US counts down to $1.5-B jackpot | Inquirer News

US counts down to $1.5-B jackpot

/ 12:52 AM January 14, 2016

NEW YORK—What would you do with a whopping $1.5 billion?

That will be the question on many Americans’ lips on Wednesday night (Thursday morning in Manila), when the draw is made for the largest lottery jackpot in US history.

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Even after the taxman calls, the Powerball jackpot could make the lucky winner wealthier than the likes of football star Lionel Messi, Swiss tennis champion Roger Federer and US superstar Beyoncé.

The winner may choose to be paid the full jackpot in annual installments for 29 years—or take $930 million as a one-off payment—before taxes.

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Record sales have driven up the bonanza, as people dreaming of riches flocked across state lines and international borders to snap up tickets, but lottery officials are not ruling out the prospect of the jackpot rising even further.

“The whole building’s putting in two bucks, so we’re all going to party down in the Caribbean and split the money,” joked Mark Ferro, who works for a property management company, counting down the hours to the TV draw at 10:59 p.m. (0359 GMT, Thursday).

“I’m going to buy a nice big house on an island,” said his colleague John, an engineer who did not want to give his second name. And the rest? John said he would give away to friends, family and charity.

Astronomical odds

The odds of winning the jackpot are one in 292 million—so remote that you are 246 times more likely to be hit by lightning, according to The New York Times.

You may also consider your chances of bagging the $1.5-billion bonanza this way: If you printed out the name of every US resident on individual pieces of paper, put them in a giant bowl and selected one at random, the odds of picking President Barack Obama are not far from the odds of winning the Powerball.

With an estimated one in 12,500 chance, an amateur golfer is about 23,376 times as likely to make a hole in one as winning the jackpot.

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If you don’t take home the jackpot, you may still get lucky and win one of the smaller prizes.

The lottery involves drawing five white balls from a spinning heap of them numbered 1 to 69, plus a red Powerball numbered between 1 and 26.

If you match the Powerball (and no white ones), a one-in-38 chance, you would get $4.

Matching three of the white balls, a one-in-580 chance, would earn you $7. If you’re truly living a charmed life and you hit the one-in-36,525 chance of picking four correctly, you would earn $100.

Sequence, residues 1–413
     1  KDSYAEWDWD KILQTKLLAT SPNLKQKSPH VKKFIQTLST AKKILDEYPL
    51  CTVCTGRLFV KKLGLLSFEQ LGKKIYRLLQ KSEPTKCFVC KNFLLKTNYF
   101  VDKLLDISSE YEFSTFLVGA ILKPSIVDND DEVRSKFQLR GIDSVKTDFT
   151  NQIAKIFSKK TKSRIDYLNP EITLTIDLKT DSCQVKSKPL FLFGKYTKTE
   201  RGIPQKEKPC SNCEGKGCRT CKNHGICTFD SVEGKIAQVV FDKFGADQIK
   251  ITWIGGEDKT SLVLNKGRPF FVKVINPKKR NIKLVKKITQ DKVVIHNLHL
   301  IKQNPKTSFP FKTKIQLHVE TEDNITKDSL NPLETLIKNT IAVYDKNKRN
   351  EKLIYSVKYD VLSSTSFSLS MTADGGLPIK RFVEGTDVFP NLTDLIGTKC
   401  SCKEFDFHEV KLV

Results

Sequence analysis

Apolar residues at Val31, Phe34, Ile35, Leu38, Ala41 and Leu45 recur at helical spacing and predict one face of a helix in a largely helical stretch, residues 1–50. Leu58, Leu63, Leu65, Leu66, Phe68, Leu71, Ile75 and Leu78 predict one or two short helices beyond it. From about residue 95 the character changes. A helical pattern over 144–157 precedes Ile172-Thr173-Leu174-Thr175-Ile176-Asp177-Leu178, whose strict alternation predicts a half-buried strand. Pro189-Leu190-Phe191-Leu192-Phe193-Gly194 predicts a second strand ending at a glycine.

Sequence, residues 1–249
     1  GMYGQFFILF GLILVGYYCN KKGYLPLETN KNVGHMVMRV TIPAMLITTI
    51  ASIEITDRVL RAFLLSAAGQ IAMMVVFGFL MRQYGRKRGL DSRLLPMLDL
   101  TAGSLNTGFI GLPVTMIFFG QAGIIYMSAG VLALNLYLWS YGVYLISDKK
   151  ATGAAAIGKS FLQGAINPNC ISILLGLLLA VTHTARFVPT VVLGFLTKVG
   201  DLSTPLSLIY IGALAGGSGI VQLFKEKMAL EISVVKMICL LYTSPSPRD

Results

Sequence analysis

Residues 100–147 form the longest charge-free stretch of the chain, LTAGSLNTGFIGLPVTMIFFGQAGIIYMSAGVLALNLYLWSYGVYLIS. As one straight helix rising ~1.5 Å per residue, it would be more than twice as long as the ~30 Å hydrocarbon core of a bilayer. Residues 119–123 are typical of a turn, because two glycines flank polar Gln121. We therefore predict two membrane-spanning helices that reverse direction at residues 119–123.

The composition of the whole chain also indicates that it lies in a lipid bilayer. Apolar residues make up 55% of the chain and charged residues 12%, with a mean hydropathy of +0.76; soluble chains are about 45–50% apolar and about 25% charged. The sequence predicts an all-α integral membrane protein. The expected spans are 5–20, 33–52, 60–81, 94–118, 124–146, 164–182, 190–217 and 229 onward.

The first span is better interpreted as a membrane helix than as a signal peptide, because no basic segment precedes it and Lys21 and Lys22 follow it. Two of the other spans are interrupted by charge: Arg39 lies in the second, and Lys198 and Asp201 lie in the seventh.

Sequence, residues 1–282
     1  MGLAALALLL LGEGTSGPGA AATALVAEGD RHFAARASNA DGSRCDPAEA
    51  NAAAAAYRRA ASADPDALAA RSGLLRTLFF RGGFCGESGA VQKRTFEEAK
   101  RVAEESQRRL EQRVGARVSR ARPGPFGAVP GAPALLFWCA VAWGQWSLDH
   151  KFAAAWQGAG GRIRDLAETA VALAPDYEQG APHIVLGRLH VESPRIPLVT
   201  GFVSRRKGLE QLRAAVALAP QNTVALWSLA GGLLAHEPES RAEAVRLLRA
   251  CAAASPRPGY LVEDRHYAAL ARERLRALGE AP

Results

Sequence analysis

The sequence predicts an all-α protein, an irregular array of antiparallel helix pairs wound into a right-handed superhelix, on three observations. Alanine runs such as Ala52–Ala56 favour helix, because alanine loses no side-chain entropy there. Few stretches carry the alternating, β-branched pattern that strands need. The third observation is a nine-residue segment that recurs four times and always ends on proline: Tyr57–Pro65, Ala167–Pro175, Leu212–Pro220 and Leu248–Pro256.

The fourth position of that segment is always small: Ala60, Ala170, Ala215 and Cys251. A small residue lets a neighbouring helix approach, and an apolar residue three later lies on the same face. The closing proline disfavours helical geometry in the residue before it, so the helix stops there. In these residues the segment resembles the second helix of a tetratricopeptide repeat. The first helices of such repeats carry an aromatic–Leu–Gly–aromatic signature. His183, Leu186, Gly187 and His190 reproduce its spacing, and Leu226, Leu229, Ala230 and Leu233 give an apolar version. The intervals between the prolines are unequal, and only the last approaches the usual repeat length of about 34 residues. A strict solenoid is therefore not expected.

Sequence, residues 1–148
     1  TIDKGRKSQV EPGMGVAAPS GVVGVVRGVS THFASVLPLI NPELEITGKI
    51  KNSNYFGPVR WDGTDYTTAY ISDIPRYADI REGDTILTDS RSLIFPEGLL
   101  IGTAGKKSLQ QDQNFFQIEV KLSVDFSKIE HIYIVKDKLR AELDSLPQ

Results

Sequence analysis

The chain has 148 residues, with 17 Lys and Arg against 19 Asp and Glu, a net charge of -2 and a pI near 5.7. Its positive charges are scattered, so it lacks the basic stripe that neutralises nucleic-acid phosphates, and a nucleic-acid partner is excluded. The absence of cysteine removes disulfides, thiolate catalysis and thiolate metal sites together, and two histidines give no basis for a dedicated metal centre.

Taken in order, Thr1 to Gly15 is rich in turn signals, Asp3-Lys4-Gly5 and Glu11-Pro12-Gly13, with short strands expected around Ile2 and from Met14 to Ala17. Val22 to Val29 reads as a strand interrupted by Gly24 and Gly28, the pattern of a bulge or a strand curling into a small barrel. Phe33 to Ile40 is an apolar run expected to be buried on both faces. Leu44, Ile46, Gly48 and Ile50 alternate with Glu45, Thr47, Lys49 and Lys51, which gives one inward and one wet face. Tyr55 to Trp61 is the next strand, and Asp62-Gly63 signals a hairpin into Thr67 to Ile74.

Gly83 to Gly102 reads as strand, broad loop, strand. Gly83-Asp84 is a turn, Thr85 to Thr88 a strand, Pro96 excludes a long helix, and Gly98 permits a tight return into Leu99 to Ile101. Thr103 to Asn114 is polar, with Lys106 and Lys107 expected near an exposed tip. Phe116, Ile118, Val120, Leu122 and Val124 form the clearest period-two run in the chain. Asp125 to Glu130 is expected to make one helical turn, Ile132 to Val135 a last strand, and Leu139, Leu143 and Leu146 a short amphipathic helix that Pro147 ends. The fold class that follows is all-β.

Maybe you have $584.4 million sitting around. If so, you could use it to buy every possible combination of numbers, guaranteeing victory. Congratulations! But that’s probably not a good idea. There is still the taxman, plus you might have to split your winnings.

You could better invest the fortune you already have elsewhere.

Despite the really bad odds of winning the jackpot, punters refuse to indulge the killjoy tone.

“Everybody at work is just dreaming out loud and I actually said this morning I wonder how many offices are having the same conversation,” said Marlene Rijo, 31, who works for a general contractor.

Record sales

Since the last jackpot win on Nov. 4, more than $1.75 billion worth of Powerball tickets have been bought, said Gary Grief, executive director of the Texas Lottery and chair of the Powerball game group.

“Sales are doing exponentially more than we’ve ever done before,” Grief said. “I’m hearing anecdotally and through news outlets, millions of people who have never played Powerball before are indeed purchasing a ticket.”

Some retailers scoring the biggest sales are in US states bordering the handful that do not participate in the game.

“People are flocking over from those states to stand in line and buy lottery tickets,” Grief said. “You do not have to be a citizen of the US—people are coming from Mexico and Canada to purchase tickets.”

Note of caution

Even so, Grief sounded a note of caution.

“We want people to play responsibly,” he said. “This is not a game to put your life savings on, your retirement on. A big part of the fun is putting down your $2 and then dreaming.”

Many lottery players rationally know they won’t hit the jackpot, but they still seek an escape from their day-to-day life, said Joan DiFuria, a cofounder of Money, Meaning & Choices Institute, a wealth counseling organization

“Of course, it doesn’t make sense, but there’s a lot of good things you get out of that $2 that you can’t buy anywhere else,” she said.

Lottery officials anticipate that 85 percent of all possible combinations will be wagered on. So there is an 85-percent likelihood of a jackpot winner on Wednesday night.

The previous US jackpot record of $656 million, on March 30, 2012, was scooped by three winners from North Carolina, Puerto Rico and Texas.

The world’s richest lottery is Spain’s annual Christmas “El Gordo,” which in 2015 handed out 2.2 billion euros ($2.4 billion) but which capped individual wins at 400,000 euros ($440,000) and handed out thousands of smaller prizes. Reports from the wires

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